Navigation Links
Worm links cancer risk to ageing

The reason why people are at greater risk of developing cancer as they get older may be explained by research published today (June 2).

Scientists have discovered that a naturally produced protein that helps protect us from cancer may also determine how long we live.

The findings ?published in the highly respected journal Science ?open up a new avenue of inquiry into ageing as a risk factor for cancer.

"We have discovered that proteins that prevent cancer in humans by ensuring that cells don't divide if they are damaged also determine lifespan in the nematode worm," explained Professor Gordon Lithgow, who carried out the work at The University of Manchester.

"Our research has shown that these 'checkpoint proteins' ?thought only to operate in cells that divide ?function in cells that no longer divide as well. The fact that they appear to have dual functions opens a new way to study the connection between ageing and cancer."

Scientists have long known that, statistically, ageing is a huge factor for cancer but have so far struggled to understand why that is.

Professor Lithgow said: "If we look at checkpoint proteins as a gear, we have known for a long time that they drive the cancer engine; now we know that they also drive the longevity engine. This discovery has exciting potential as an area of inquiry into potential cellular links between ageing and cancer."

The research, which was completed at the Buck Institute in California where Dr Lithgow now works, involved genetically removing checkpoint proteins in the microscopic worm C. elegans. By doing so, the researchers caused a 15-30% increase in the worm's lifespan.

"Given the role that checkpoint proteins play in the development of cancer ?or in causing tumours when the proteins are defective ?the findings raise the question of whether genetic variations in these proteins in humans places some individuals at risk of cancer.

"Conversely, the check point proteins may set a genetic course for a shorter life but one that is free from cancer."

Dr Dale Bredesen, Chief Executive and Scientific Director at the Buck Institute, added: "This work brings a new richness and sophistication to the way we think about longevity interventions.

"If we're smart about it, we might be able to design strategies where you could keep checkpoint proteins active in dividing cells and stop them working in cells that no longer divide, such as brain cells.

"Increasing the survival of brain cells or 'neurons' could provide a new avenue of treatment for neurodegenerative diseases like Alzheimer's."


'"/>

Source:University of Manchester


Related biology news :

1. NASA links nanobacteria to kidney stones and other diseases
2. Insight into DNAs weakest links may yield clues to cancer biology
3. One gene links newborn neurons with those that die in diseases such as Alzheimers
4. Genetic links could unlock clues to leading cause of blindness
5. Climate model links higher temperatures to prehistoric extinction
6. Genetics links whale to two different ocean basins
7. Scientists discover a genetic switch that links animal growth and cancer
8. Hap1 protein links circulating insulin to brain circuits that regulate feeding behavior in mice
9. Imaging study links key genetic risk for Alzheimers disease to myelin breakdown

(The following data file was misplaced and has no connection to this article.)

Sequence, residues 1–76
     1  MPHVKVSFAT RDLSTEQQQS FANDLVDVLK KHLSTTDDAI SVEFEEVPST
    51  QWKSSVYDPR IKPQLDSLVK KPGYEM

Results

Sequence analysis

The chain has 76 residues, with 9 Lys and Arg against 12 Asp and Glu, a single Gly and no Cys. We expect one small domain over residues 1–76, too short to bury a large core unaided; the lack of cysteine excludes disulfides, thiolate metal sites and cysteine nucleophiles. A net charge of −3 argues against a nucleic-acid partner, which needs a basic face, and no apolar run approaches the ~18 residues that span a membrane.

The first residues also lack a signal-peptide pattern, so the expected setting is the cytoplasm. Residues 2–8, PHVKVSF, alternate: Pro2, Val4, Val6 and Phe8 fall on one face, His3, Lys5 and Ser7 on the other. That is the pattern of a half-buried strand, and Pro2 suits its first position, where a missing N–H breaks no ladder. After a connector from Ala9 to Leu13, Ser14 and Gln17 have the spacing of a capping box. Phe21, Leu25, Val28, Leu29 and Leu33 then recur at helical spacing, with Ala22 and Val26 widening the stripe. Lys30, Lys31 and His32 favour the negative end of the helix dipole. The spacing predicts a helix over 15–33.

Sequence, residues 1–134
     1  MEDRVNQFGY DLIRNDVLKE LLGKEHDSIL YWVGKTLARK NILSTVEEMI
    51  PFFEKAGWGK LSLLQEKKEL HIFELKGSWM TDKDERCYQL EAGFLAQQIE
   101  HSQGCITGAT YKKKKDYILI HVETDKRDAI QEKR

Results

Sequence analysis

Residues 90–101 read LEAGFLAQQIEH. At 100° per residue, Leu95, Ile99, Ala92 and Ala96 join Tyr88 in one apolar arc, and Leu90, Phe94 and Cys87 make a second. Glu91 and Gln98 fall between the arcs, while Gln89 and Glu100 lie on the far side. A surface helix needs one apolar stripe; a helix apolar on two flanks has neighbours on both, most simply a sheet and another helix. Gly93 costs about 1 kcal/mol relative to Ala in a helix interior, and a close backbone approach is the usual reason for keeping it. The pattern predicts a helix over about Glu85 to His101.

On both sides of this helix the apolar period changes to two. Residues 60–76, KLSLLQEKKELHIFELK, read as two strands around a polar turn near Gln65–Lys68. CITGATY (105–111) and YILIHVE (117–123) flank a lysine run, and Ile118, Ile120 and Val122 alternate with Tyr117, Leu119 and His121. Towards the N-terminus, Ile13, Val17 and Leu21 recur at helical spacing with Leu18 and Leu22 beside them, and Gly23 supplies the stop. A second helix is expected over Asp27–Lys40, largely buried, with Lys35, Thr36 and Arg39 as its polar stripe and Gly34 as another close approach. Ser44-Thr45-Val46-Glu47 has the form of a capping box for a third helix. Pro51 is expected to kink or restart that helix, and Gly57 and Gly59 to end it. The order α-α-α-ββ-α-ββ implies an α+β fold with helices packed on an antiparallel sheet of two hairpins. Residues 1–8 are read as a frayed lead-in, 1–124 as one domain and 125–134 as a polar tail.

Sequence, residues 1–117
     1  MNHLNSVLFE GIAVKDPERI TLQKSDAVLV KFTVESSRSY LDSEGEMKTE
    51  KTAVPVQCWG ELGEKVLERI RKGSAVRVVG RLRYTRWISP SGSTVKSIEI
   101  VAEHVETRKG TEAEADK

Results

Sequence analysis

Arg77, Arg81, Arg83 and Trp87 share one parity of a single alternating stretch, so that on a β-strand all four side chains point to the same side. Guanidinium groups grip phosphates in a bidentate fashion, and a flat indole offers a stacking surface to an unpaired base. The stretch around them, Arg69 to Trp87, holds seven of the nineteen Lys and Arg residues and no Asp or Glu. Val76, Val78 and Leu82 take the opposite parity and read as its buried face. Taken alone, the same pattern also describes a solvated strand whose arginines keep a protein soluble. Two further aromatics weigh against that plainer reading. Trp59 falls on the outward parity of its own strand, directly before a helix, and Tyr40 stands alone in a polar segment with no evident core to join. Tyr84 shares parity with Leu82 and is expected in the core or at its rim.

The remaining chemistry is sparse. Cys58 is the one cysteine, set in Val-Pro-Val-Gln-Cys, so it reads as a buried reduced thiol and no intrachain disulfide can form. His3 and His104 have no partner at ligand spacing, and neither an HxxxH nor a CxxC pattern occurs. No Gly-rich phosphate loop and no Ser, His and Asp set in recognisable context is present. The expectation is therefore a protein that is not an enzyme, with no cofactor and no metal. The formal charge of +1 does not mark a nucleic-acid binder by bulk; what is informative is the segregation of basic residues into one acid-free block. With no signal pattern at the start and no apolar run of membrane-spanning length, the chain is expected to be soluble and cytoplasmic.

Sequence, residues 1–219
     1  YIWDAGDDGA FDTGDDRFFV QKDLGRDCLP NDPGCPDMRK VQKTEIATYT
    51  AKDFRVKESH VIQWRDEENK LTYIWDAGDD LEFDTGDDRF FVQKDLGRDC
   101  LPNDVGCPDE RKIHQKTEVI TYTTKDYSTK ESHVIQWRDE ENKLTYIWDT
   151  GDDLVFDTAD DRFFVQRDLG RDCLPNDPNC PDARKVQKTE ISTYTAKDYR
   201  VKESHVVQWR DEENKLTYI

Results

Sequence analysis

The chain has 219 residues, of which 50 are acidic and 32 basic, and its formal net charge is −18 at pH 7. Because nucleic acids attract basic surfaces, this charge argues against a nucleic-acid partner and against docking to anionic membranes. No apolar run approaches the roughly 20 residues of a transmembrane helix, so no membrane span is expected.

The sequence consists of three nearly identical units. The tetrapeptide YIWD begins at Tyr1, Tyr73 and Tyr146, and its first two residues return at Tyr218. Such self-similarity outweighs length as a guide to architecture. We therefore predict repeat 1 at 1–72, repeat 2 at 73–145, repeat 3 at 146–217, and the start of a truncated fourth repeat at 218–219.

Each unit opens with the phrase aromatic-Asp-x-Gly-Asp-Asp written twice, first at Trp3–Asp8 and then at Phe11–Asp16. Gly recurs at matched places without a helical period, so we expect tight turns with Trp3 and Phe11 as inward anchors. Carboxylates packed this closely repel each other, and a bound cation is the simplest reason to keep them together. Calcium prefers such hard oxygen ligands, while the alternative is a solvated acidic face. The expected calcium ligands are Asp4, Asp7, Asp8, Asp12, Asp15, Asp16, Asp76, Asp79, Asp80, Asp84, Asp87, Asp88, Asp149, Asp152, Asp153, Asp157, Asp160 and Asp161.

10. Queensland scientists identify molecule that links both sides of the brain
11. Study links high levels of nitric oxide to infertility and sperm DNA damage
Post Your Comments:
*Name:
*Comment:
*Email:


(Date:4/19/2016)... UAE, April 20, 2016 The ... as a compact web-based "all-in-one" system solution for all ... fingerprint reader or the door interface with integration authorization ... access control systems. The minimal dimensions of the access ... into the building installations offer considerable freedom of design ...
(Date:4/14/2016)... 14, 2016 BioCatch ™, ... today announced the appointment of Eyal Goldwerger ... Goldwerger,s leadership appointment comes at a time ... the deployment of its platform at several of the ... which discerns unique cognitive and physiological factors, is a ...
(Date:3/31/2016)... R.I. , March 31, 2016  Genomics firm ... of founding CEO, Barrett Bready , M.D., who ... members of the original technical leadership team, including Chief ... President of Product Development, Steve Nurnberg and Vice President ... returned to the company. Dr. Bready served ...
Breaking Biology News(10 mins):
(Date:5/20/2016)... ... 20, 2016 , ... The leading Regenerative Veterinary Medicine Company, VetStem Biopharma ... treated over 100 of their own patients with the VetStem Cell Therapy. Each of ... care for their patients. , The veterinarians are Dr Ross Rich former owner ...
(Date:5/19/2016)... ... May 19, 2016 , ... Anton Paar USA, located ... foot office building is complete. The new structure adds a third office building to ... Paar USA purchased 2.4 acres of land, along with office space adjacent to ...
(Date:5/19/2016)... SAN DIEGO , May 19, 2016 /PRNewswire/ ... (OTCBB: RGBP), (OTC PINK: RGBP) and (OTC PINK: RGBPP) announced ... at creating the first cord blood based cancer ... a provisional patent application, Regen described a generation ... activity was potentiated by gene silencing.  The product ...
(Date:5/18/2016)... YORK , May 18, 2016 ... but it does not mean that there are no opportunities ... Threshold Pharmaceuticals Inc. (NASDAQ: THLD ), Seattle Genetics ... CHMA ), and Ophthotech Corp. (NASDAQ: OPHT ... trading alerts at: http://www.activewallst.com/ ...
Breaking Biology Technology: